Jennifer’s Journal: Planting for Privacy
I have been planting like mad! Almost every bed has been planted with so many goodies, including tons of tomatoes, cucumbers on a trellis, and vertical icebox watermelons. Next project: I’m off to solve some privacy screening issues. I’d like to grow a vegetative screen that blocks our view of the parking area across the street.
Plants are great problem-solvers. I have planned gardens to distract birds from my most prized crops to cloak smells coming from my chicken coop, and to create shady spots for my dog’s long naps. Each year I try to notice and address little issues that get me ever closer to my own vision of paradise.
Run through the list of challenges in your own yard and consider some potential plant solutions. This year, choose some annuals as a vegetative cure for your backyard blues. Does the garbage truck park beside your yard every Tuesday during lunch? Try planting a fragrant annual while you research the perfect, sweet-smelling perennial or shrub to plant next year as a more permanent defense.
Even if you have no pressing issue that makes you grumble when you step outside, you can still “plant for privacy” just for fun. Imagine how nice it would be to grow yourself a cozy spot for an outdoor dining area or to snack on peas climbing a colorful trellis only arm’s length away from your favorite reading spot. One summer, we became the unlikely and temporary owners of a trampoline. After digging a deep pit so that the bouncy cover was level to the ground, we grew a wall of beans all the way around just so that we could try to jump above them.
Here’s my short list of fast-growing plants that can quickly convert your yard into a private paradise:
Scarlet Runner Bean: Any runner bean will do, but these do have beautiful red flowers that attract hummingbirds. This is a really easy plant to grow, just give them plenty of room to grow upwards. You will definitely need a vertical trellis or Bean Tower for these.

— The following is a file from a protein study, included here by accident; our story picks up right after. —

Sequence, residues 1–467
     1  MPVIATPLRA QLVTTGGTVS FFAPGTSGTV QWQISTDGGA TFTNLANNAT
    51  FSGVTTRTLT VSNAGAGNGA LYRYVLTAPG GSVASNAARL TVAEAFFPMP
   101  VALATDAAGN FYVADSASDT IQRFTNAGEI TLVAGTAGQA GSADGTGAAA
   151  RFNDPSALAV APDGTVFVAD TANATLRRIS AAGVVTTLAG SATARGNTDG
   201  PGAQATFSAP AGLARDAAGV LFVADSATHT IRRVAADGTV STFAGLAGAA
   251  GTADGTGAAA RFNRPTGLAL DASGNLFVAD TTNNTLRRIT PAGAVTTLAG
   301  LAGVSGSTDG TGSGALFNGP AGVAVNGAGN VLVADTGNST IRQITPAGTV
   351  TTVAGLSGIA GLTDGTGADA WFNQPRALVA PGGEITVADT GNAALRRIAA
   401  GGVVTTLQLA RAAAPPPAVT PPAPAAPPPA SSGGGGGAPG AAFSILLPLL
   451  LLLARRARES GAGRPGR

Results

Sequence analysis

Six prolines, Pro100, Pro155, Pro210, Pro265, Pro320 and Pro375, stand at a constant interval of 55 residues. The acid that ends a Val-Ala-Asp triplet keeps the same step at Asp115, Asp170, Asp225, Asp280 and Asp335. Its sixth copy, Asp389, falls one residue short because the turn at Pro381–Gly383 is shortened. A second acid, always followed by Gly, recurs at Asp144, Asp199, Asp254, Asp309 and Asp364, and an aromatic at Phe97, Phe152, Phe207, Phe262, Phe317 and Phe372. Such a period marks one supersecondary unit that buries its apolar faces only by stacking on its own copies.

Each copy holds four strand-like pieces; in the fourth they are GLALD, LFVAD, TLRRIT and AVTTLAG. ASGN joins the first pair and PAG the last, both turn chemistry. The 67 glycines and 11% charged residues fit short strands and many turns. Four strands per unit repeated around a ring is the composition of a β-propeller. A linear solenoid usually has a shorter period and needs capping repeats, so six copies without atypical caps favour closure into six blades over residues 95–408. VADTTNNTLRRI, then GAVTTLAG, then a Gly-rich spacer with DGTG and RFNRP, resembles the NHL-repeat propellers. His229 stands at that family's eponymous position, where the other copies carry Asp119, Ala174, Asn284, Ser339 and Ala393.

Sunflowers: I love the way these can pop over a slightly too-short fence and fill in the height to block a view. With so many varieties to choose from, there’s one that will grow to just the height you’re looking for. Note: The flower heads will always face the direction of their first glimpse of the morning sun (usually east.) That’s the hard and fast rule, no matter what you had in mind.
Birdhouse Gourds and Luffa Sponges: These vigorous vines are fun to grow. Not only will they reward you with their oddball produce (huge bottle-shaped gourds or oversized cucumbers that contain a natural sponge), they will provide dense cover if you are prepared for them. This means that you must have a trellis or arbor system in place, especially one that will confidently support a heavier plant.
Burgundy Amaranth: Like a sunflower, this plant is easy to grow and it sizes up between 6′ and 8′ tall. Unlike sunflowers, however, amaranth can create a denser wall of sturdy vegetation. I grew amaranth last year for the tasty grain that you harvest from the seed head, but I have to say, I was really won over by how beautiful the plants looked in the garden. The deep burgundy color can make any area seem larger when sited along an outer edge.
It’s definitely not too late to plant any of these fast-growing solutions. Do you have a spot that needs some attention? Tell us about it and show us your solution.
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